The stabbing death of an opposition candidate in Ethiopia’s northern Tigray region is raising new calls for an inquiry and an easing of 2009 repressive legislation that critics say is restraining political activity in the weeks leading up to this year's 23 May general elections.
Opposition figures contend that last week’s slaying of candidate Aregawi Gebreyohannes by five men at his home in Shire has aroused fears of a recurrence of 2005 post-election violence. As many as 200 protesters were killed five years ago by security forces, and thousands of others were arrested for challenging the results of a disputed nationwide vote.
Senior East Africa Researcher Leslie Lefkow of human rights watch says that Aregawi Gebreyohannes’ slaying last Monday night was most likely politically motivated.
“He was apparently arrested not long ago for distributing leaflets about his opposition party and had suffered other forms of intimidation. It seems to be largely because he was very active and was very vocal in his support of the opposition. He was going to stand for parliament from his constituency of Shire, where he was living,” said Lefkow.
Although the government of Prime Minister Meles Zenawi prefers not to see a repeat of the vocal protests that followed the 2005 vote, Human Rights Watch and other concerned NGO’s say officials are determined to avoid raising domestic and international questions about whether the vote is going to be free and fair.
“Beyond the violence the government is concerned that there is no negative attention to these elections, that there are no questions about whether the elections are free and fair. And that is a concern because Human Rights Watch has documented a degree of repression on independent voices that may contribute to making the elections less than a level playing field,” notes Lefkow.
She says human rights groups are disappointed about legislation introduced last year in parliament that they say is designed to stifle independent activity by civil society groups in Ethiopia, clamp down on election media coverage, and limit acts of political protest, all under the pretext of government concerns about fighting terrorism.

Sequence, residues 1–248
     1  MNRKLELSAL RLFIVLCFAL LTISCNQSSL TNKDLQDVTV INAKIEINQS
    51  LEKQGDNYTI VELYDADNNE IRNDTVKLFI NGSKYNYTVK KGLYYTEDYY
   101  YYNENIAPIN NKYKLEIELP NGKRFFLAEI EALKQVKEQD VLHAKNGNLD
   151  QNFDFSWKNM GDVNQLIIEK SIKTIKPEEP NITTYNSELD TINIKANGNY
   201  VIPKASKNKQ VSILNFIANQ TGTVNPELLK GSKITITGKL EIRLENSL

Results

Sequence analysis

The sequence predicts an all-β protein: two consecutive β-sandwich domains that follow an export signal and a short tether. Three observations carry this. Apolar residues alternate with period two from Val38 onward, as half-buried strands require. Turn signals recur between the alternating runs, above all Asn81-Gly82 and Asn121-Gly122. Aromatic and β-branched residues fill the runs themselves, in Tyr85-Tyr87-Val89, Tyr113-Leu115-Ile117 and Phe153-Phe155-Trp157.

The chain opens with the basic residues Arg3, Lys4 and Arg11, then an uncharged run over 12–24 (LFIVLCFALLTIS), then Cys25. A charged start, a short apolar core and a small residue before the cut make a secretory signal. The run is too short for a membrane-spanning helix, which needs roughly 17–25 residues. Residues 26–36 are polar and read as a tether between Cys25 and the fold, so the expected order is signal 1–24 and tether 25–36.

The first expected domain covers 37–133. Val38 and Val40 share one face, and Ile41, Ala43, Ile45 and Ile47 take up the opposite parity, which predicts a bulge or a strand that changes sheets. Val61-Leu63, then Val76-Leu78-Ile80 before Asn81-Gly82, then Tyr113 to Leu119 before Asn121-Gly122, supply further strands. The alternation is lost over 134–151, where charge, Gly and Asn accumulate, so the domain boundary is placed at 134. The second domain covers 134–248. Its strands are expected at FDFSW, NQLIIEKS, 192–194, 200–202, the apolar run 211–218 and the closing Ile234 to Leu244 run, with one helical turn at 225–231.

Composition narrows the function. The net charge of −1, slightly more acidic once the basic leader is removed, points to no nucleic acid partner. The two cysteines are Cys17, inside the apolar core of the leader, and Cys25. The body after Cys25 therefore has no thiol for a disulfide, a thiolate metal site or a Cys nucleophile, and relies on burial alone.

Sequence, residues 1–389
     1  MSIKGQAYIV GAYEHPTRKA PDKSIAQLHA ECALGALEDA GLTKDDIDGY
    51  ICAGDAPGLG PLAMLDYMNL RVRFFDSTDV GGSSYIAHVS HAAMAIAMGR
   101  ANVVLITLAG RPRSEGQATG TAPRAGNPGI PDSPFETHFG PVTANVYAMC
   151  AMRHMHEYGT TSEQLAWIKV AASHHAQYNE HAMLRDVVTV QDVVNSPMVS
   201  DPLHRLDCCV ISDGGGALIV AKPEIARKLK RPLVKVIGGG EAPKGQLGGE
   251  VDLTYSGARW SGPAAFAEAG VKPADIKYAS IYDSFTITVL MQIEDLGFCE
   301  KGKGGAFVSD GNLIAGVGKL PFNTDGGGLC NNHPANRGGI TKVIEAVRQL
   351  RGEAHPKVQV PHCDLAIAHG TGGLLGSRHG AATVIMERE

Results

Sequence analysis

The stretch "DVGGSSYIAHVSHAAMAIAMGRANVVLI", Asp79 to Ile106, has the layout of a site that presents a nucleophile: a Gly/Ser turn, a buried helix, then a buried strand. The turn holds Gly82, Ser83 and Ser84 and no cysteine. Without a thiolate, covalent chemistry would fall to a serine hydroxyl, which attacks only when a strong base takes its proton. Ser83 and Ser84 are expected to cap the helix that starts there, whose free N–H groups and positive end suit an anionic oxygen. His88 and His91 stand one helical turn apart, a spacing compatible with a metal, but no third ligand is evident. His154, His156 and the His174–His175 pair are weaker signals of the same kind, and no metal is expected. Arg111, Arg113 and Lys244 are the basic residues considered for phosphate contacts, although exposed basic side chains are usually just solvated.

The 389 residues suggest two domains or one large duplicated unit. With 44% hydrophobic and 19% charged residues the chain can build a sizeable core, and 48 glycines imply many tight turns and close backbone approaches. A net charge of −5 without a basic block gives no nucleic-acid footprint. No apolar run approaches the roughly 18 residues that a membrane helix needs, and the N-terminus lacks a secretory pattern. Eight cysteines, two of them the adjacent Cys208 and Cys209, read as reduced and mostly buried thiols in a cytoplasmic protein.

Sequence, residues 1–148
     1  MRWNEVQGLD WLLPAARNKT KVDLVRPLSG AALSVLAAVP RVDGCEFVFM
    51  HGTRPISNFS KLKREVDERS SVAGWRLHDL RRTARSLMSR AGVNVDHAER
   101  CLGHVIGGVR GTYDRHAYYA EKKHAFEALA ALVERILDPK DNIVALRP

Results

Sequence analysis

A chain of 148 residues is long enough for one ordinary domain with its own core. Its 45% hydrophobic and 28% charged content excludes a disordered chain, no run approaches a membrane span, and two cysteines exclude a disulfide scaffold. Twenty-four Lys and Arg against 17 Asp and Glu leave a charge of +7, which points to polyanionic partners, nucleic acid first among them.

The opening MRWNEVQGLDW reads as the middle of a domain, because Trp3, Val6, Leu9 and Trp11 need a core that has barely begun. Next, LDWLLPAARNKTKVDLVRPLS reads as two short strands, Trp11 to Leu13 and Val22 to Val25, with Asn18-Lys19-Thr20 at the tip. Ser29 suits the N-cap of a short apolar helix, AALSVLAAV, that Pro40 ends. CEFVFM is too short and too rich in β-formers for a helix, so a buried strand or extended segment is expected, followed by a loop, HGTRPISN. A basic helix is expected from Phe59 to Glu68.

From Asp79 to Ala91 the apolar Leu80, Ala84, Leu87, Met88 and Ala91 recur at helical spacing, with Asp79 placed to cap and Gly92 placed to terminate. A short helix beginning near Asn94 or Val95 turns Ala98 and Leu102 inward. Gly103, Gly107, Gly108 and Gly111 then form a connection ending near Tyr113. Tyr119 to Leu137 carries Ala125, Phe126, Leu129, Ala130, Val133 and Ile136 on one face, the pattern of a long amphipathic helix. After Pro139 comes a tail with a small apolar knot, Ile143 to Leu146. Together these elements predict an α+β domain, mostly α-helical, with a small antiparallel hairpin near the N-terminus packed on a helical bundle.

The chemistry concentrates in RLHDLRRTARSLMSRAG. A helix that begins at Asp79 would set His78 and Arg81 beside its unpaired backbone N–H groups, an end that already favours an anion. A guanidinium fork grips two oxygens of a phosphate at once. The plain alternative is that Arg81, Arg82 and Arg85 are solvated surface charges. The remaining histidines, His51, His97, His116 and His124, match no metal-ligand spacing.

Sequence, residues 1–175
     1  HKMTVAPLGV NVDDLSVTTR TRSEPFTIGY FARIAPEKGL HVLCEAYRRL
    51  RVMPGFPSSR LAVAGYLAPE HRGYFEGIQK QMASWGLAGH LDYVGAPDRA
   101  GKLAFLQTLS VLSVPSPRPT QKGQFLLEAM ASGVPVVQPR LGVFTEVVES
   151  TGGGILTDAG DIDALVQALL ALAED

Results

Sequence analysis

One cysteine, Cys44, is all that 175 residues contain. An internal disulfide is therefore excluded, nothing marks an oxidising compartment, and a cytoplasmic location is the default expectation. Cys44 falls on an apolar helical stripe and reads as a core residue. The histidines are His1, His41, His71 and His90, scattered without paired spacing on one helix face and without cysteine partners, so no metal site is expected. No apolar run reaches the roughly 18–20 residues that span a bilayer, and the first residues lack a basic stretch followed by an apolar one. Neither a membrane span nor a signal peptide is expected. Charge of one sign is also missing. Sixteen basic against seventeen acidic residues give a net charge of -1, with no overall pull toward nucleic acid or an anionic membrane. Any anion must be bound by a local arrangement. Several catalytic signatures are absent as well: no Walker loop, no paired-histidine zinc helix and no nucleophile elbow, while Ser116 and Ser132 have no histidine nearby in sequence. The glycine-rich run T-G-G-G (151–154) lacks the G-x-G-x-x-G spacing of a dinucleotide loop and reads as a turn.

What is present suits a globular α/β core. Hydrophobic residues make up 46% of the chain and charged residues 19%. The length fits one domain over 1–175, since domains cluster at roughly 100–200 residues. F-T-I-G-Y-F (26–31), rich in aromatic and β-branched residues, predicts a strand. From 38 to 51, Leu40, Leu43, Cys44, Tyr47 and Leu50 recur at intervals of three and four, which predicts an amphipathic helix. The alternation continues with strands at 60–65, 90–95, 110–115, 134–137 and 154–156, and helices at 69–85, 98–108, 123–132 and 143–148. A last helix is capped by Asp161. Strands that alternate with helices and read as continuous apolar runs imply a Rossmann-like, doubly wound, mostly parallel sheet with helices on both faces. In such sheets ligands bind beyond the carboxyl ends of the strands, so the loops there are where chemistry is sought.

“One of the laws, the charities and societies proclamation, regulates nongovernmental organizations, and it has had a deeply worrying effect in the last six months, even. A lot of organizations have been forced to change their mandates to remove any kind of activity on human rights or governance from their mandates. There have also been insidious threats against leading activists, which have forced a number of them to flee the country. So overall, the environment is a bit grim for independent voices in the media and for NGO’s,” she said.
Although prospects are dim that opposition campaigning will achieve its desired impact in just over two months’ time, East Africa researcher Lefkow says there are certain positive measures the Meles government can take to lessen the breach between government defenders and detractors.
One step would be to release political prisoners, including prominent opposition leader Birtukan Mideksa, whose pardon for alleged acts of treason was revoked as she was rearrested and given a life prison term for failing to deliver a public apology for acts committed during the post-2005 campaign.
Another helpful step would be for the government to issue public statements that it supports transparent investigations into allegations against the government. Lefkow says that though there are no signs that a conditions for 23 May voters in Ethiopia will be liberalized, the election will go on, despite the chilling signals being sent by last week’s political assassination and the tightening of campaign restrictions.